Right now, many northern beekeepers are asking when they should begin to feed pollen substitute, as if it’s a necessary step. But pollen substitute is an option you don’t always need. If you determine your bees need it, then “right now” is the best answer. If they don’t need it, don’t give it to them.
Think of it this way. You feed your bees sugar when there is a nectar dearth, a shortage. For the most part, your bees feed themselves. Sometimes, however, they run into trouble and we beekeepers help them through the lean times with syrup or sugar. This is especially true during late winter, prolonged rainy weather, or perhaps a summer drought. It is also customary to give a boost to colonies that are young and not yet populous enough to do all that needs to be done.
Feed pollen substitute during a pollen dearth
Pollen is no different. We feed pollen during a pollen dearth. Pollen dearth is most likely to occur in late winter before the bees are able to fly. Once they begin to find pollen on their own, they seldom need any kind of pollen supplement.
Basically, once you see pollen coming into the hive on the legs of bees, you don’t need a substitute. However, in some areas, fall pollen may be very limited or may be monofloral, in which case, a pollen substitute can provide a more balanced selection of amino acids. It depends on your area. If your fall pollen pellets are multicolored, you’re most likely good to go. If every pellet is exactly the same shade, some pollen substitute won’t hurt.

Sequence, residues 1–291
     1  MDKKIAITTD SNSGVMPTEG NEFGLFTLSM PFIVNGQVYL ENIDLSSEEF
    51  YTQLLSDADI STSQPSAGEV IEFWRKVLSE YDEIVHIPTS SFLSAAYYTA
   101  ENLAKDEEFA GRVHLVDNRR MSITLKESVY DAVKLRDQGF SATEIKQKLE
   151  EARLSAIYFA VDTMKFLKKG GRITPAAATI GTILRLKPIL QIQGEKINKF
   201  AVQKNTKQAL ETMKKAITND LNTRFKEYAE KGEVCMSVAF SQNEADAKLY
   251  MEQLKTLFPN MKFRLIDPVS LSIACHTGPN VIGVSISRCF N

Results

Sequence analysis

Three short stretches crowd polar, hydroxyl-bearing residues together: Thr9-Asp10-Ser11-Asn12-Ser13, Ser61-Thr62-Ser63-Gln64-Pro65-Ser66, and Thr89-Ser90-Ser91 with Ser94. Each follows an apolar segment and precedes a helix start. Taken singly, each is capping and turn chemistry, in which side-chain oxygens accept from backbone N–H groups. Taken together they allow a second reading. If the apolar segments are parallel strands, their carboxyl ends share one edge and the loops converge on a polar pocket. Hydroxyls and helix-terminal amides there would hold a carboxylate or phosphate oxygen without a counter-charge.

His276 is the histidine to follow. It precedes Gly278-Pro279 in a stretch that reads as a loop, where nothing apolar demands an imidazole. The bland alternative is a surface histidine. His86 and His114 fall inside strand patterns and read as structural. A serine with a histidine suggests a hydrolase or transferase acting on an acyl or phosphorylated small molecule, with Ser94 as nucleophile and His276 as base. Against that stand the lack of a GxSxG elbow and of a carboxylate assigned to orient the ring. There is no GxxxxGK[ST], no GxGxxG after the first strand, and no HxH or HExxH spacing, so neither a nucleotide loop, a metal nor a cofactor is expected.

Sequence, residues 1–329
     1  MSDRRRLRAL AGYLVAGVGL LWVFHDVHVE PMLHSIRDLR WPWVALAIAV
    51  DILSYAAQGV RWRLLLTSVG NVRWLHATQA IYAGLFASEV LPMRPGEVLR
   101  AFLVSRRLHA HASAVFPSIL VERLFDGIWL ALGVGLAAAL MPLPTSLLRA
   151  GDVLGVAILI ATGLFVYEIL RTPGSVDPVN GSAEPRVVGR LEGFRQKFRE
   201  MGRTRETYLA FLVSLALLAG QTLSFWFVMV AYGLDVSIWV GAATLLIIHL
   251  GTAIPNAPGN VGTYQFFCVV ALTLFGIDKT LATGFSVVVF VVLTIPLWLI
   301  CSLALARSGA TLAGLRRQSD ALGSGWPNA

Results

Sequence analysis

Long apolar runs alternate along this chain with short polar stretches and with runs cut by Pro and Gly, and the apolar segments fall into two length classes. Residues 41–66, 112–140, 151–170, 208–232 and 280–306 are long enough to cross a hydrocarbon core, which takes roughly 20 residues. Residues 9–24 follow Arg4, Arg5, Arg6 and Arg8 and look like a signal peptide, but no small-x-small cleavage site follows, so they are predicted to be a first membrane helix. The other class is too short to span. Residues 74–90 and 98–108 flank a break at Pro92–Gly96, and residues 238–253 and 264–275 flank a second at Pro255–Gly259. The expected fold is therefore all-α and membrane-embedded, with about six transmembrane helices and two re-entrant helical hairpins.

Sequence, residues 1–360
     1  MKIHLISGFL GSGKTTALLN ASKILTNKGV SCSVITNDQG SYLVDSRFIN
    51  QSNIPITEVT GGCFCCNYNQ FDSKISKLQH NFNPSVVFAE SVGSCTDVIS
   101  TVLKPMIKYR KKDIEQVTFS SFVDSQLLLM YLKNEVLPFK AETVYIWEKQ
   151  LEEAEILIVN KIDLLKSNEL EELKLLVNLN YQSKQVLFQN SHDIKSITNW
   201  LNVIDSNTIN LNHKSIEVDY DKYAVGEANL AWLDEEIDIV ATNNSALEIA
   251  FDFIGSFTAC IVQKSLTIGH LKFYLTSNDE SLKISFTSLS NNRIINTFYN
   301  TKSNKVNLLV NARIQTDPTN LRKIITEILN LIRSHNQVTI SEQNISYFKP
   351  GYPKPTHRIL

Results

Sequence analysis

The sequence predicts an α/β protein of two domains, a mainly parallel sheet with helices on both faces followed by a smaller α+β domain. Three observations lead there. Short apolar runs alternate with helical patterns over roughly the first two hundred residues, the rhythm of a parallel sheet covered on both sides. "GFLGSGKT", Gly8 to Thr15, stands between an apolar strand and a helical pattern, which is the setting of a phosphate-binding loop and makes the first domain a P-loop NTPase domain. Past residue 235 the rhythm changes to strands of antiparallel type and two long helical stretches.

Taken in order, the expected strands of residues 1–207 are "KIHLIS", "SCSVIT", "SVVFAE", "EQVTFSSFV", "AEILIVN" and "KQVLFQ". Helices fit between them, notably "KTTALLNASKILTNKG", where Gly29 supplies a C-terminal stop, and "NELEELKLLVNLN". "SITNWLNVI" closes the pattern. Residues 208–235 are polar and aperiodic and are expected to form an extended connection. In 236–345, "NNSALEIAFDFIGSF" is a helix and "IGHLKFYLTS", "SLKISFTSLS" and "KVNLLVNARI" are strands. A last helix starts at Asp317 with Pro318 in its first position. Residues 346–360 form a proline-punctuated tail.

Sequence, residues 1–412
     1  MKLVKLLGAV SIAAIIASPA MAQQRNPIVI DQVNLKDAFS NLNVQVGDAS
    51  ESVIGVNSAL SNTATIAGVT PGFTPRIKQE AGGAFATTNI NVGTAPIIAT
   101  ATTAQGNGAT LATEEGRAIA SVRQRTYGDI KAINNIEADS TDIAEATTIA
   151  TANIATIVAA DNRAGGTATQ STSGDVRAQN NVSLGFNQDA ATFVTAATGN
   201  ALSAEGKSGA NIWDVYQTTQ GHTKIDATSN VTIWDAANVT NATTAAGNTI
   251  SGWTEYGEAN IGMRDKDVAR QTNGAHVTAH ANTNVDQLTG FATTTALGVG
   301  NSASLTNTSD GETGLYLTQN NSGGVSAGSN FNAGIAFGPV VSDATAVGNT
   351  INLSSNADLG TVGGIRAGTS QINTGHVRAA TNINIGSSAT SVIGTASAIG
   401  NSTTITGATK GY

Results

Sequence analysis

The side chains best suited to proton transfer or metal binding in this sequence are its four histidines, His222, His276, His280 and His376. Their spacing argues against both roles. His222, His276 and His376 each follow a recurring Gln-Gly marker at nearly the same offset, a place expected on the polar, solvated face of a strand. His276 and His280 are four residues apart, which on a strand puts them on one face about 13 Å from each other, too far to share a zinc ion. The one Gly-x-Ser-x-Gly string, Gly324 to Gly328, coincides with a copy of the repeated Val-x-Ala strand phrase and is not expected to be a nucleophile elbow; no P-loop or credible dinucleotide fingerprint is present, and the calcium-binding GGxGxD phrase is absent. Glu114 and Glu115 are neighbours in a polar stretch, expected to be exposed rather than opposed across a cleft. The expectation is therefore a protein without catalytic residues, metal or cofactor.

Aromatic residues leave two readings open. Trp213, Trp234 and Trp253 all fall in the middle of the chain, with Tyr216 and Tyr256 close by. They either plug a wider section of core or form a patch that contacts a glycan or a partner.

In other cases, bees collect spring pollen for a few days but are soon housebound due to rain. These bees, too, can usually benefit from pollen supplements. But each situation is different, each year is different. I keep pollen substitute on hand, but I use it only occasionally, maybe one year out of three.
In short, no one can answer the question, “When should I feed pollen substitute?” The answer isn’t in writing; it’s inside your colony. Look at the colony and decide how much pollen the bees have vs how much they need.
Winter bees usually have it covered
Honey bees are actually well-equipped to go without any supplement at all. So-called winter bees (diutinus bees) store food reserves in their fat bodies. The fat bodies also produce a substance called vitellogenin which allows them to secrete brood food even in the absence of fresh pollen.
For many years I didn’t feed any pollen substitute at all, and I experienced no problems. I think the bigger mistake is feeding it too early in the year. Several years ago I experimented with giving supplements earlier, starting in October, and I got myself into a heap of trouble. By the first of January I had huge colonies that needed to be fed almost daily. I was really tired of honey bees by April, so when all those overcrowded colonies began swarming, I was like, “Good riddance!” I was never so happy to see the butt end of a bee in my life.
In summary, feeding pollen supplement is like any other aspect of beekeeping. The need for a supplement will vary with your location, the season, the year, and the colony. To know whether your bees need it, look into your hives, watch your bees, and learn from experience.
Honey Bee Suite